DOMA Puts Unnecessary Pressure on New Hampshire Dads
William Wesley & Joseph Wesley
When William and Joseph Wesley began planning their commitment ceremony there was no legal recognition for same-sex couples in New Hampshire. It didn’t matter. Reflecting their deeply religious backgrounds, the couple wanted the blessing of their church and the support of their families and their community as they embarked on a future that would soon include three children.
“A relationship needs to be supported by the community,” says Joe, 32. “You need that support and that system behind you, telling you that, ‘We support you; we’re here for you.’ And especially being a gay couple, I think the pressures are increased.”
They had recently become licensed foster parents – a first step to becoming adoptive parents – and they wanted to formalize their relationship in some way so it would be clear to their future children that they were a family.
As they were planning to have their relationship blessed in the Episcopal Church they attended, New Hampshire legalized civil unions. On May 10, 2008 – their fourth anniversary – with more than 100 friends, fellow congregants and family members present, they were joined in a civil union. After the state’s marriage equality law passed in 2009, their civil union was upgraded to a marriage.
Joe speaks from experience about the increased pressure on gay couples, beginning with how he and Wil met: when both were involved with Exodus International, a fundamentalist Christian ministry that preaches that homosexuality is a spiritual deficit that can and must be overcome through belief in Jesus.
Though they were fortunate enough to find and fall in love with each other, they were not unscathed by their Exodus experience. Leaving the ministry meant losing a support system. “We lost a great many friends as a result,” says Wil. “So we had to find another community, we had to find other people that would support us and love us.”
What neither man lost was his faith – although they have lingering hurt and anger over Exodus’s message that living affirmatively as a gay person is sinful.
“[My faith] remains essential to who I am but obviously it had to take a new twist as I realized that I might be alright just the way God made me,” says Wil, who was raised by devoutly religious parents whose understanding of Christianity made accepting their gay son difficult.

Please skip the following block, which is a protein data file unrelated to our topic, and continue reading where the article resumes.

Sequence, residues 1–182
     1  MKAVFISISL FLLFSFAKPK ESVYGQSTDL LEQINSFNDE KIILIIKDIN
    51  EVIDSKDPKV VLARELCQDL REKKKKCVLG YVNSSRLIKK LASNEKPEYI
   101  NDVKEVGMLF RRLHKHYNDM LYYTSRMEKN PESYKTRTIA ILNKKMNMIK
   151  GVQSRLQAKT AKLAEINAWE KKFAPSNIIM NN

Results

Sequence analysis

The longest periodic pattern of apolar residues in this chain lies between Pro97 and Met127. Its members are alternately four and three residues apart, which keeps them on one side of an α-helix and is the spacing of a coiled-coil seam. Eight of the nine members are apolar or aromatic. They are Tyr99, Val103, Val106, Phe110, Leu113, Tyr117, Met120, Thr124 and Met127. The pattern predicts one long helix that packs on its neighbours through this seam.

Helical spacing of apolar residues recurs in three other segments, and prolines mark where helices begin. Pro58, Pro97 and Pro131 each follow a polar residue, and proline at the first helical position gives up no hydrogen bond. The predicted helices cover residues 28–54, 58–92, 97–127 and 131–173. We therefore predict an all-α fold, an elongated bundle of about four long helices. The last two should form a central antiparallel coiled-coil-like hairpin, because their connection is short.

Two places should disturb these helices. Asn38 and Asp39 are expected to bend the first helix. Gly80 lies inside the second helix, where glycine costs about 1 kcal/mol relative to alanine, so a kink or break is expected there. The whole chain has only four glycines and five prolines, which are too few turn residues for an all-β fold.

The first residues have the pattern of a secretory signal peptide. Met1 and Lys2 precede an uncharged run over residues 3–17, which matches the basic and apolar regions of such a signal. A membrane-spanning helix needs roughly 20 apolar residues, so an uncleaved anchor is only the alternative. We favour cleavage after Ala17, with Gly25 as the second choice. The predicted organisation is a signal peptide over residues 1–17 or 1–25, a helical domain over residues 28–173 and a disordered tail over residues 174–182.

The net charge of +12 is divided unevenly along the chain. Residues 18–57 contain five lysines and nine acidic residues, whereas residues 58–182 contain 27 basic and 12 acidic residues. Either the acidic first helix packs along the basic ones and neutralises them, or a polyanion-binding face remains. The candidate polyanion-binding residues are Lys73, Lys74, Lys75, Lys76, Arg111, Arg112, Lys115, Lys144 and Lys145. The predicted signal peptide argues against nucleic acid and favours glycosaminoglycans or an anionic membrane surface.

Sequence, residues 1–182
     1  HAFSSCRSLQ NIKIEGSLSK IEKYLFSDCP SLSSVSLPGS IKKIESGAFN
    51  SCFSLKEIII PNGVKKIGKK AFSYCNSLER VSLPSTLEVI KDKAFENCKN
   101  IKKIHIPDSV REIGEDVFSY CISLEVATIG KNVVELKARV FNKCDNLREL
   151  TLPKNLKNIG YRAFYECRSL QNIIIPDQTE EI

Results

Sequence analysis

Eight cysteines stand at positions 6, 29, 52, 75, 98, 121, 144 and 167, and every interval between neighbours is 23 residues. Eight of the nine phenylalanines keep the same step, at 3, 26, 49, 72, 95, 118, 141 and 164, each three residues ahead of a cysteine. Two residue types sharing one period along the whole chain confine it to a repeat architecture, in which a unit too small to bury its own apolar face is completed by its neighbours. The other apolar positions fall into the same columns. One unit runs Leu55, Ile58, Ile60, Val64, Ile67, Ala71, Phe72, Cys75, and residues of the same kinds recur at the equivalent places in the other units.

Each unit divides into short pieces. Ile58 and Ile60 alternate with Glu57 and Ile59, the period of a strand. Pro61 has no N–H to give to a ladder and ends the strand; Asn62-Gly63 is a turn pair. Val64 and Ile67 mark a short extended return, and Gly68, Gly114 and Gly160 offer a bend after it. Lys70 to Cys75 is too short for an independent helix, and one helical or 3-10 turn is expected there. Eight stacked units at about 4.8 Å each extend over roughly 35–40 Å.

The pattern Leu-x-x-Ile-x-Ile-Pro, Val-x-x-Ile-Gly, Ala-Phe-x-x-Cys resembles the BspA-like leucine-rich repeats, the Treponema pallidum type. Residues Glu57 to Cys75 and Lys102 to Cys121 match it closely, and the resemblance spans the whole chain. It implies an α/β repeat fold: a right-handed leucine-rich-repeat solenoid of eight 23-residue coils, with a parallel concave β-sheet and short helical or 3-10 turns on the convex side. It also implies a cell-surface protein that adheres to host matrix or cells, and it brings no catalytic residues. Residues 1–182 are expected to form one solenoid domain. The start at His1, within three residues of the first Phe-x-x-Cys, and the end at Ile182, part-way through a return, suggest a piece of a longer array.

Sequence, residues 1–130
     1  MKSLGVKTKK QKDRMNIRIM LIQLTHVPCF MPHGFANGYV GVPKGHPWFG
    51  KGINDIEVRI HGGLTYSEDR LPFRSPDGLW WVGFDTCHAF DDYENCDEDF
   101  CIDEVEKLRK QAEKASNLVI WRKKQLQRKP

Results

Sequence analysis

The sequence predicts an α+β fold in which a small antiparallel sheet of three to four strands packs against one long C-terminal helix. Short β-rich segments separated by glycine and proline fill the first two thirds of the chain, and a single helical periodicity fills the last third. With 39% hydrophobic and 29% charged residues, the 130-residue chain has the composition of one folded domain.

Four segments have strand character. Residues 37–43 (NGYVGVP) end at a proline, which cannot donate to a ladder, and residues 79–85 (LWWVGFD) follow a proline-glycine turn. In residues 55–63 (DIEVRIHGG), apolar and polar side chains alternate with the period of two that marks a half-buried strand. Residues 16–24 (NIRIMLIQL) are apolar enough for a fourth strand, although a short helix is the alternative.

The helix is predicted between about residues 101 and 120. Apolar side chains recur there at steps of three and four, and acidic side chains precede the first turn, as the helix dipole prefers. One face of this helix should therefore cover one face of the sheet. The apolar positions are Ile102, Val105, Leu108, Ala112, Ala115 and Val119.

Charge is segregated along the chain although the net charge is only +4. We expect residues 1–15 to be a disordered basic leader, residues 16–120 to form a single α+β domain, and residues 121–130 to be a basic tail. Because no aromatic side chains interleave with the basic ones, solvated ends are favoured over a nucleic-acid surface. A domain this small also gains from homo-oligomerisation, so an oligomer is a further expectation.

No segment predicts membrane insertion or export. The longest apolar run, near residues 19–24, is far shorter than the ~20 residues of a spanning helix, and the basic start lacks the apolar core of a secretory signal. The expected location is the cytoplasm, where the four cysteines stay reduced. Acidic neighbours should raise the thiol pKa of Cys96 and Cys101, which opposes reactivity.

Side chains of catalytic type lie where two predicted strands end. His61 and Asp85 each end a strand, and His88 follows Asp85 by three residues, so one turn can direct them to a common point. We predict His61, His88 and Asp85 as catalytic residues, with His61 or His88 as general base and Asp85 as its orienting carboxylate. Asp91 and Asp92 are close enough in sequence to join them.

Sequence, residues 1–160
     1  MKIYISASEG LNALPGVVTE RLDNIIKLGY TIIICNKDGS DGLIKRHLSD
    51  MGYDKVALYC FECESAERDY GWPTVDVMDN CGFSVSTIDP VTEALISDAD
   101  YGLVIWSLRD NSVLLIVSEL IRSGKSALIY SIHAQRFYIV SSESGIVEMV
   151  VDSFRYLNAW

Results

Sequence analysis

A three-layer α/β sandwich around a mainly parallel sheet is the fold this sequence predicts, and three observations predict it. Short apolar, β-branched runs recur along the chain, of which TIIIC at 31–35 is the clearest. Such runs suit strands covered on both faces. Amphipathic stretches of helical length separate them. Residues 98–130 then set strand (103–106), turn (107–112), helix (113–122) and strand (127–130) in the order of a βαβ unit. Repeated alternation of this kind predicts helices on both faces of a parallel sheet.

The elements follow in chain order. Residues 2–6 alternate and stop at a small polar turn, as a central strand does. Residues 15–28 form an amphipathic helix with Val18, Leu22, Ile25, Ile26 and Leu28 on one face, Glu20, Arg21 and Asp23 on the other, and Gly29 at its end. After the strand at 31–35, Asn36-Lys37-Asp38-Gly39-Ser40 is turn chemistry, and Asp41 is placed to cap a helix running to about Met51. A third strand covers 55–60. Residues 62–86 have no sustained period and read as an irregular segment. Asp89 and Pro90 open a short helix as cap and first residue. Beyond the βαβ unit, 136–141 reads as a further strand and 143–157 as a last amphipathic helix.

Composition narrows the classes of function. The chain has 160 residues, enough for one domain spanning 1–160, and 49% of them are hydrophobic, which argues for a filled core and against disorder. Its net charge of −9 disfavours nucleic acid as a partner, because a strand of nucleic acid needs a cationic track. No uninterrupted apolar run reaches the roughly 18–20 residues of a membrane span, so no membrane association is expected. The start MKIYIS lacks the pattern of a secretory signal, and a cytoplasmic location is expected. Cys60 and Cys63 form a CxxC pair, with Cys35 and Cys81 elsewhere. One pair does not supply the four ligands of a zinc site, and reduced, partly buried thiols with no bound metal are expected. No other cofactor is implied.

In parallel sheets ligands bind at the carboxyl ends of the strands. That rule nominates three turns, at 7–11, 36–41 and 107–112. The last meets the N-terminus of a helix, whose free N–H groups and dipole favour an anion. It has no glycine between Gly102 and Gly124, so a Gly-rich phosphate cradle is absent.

“Faith has been a big factor for me,” says Joe, who was raised Pentecostal. But he adds, “I think I have dealt with more bitterness than Wil has. I would say that I have more bad days than he has.”
Committing to a life with Wil affected more than Joe’s religious outlook. Joe had enlisted in the Navy at 18. He continued to serve for the first two years of their relationship but because of “Don’t Ask, Don’t Tell,” he was forced to remain in the closet. “One of the deciding factors for me to get out of the military was because it was just too much pressure,” he says. However, he continues to work as a civilian for the Navy as a Referral Specialist.
Wil and Joe make their home in Rochester. In 2009, they adopted three siblings through the state foster care system—Kayleigh, 10; Destiny, 8, and Nathaniel, 6 – who otherwise might have been split up. Joe recalls how he had to adapt to having a small brood in one fell swoop when the kids came to live with them. He says, “They’re very smart, smart children, so they keep you on your toes for sure.” The couple is also currently fostering a 9-month-old boy.
Wil and Joe are celebrating Father’s Day with their children, after attending church together as a family. On the Friday, Wil’s mother – who has since become very supportive of Wil and his family, as has his father –spent the night with her grandkids while Wil and Joe attended a Navy Corpsman Ball. “It was really one of my first events with this group of people where I could attend as his husband and not his ‘friend,’” says Wil.
The pressure they face as a gay couple now is because of DOMA, which prevents Joe from covering Wil on his health insurance plan as other federal employees can do for their spouses. When Wil left his job as a social worker to receive a master’s in special education, he lost his health insurance. Rather than bear the high cost of private insurance, he went without it for 18 months. They calculated the risk as worthwhile at the time because a teaching degree increased Wil’s earning potential and landed him a job that enabled him to be home with the kids most afternoons and during school vacations.
“I have almost fifteen years with the government, including my military time, and he needs health insurance and I can’t put the person I’m married to on my plan,” says Joe. “That’s just insanity to me.”
Wil now works as a special education teacher with third and fourth graders. Though he enjoys his job, he would prefer to be a stay-at-home parent or work part-time so the kids wouldn’t need daycare after school. “We would love for our children to have somebody at home with them,” he says. But neither man wants Wil to be uninsured again, nor does it make sense to have Joe stay at home because he’s the family’s primary breadwinner.
More than the financial concerns, Wil and Joe don’t want to have to explain DOMA to their children.
“If I have to tell my children that there’s a law in this free country called the Defense of Marriage Act, a name which is a complete misnomer,—I don’t know,” he says. “I don’t want to have to explain that well, what they’re defending heterosexual marriage from is us. I think that’s an awful thing for a kid to have to learn from their parents or from anyone.”← Stories Home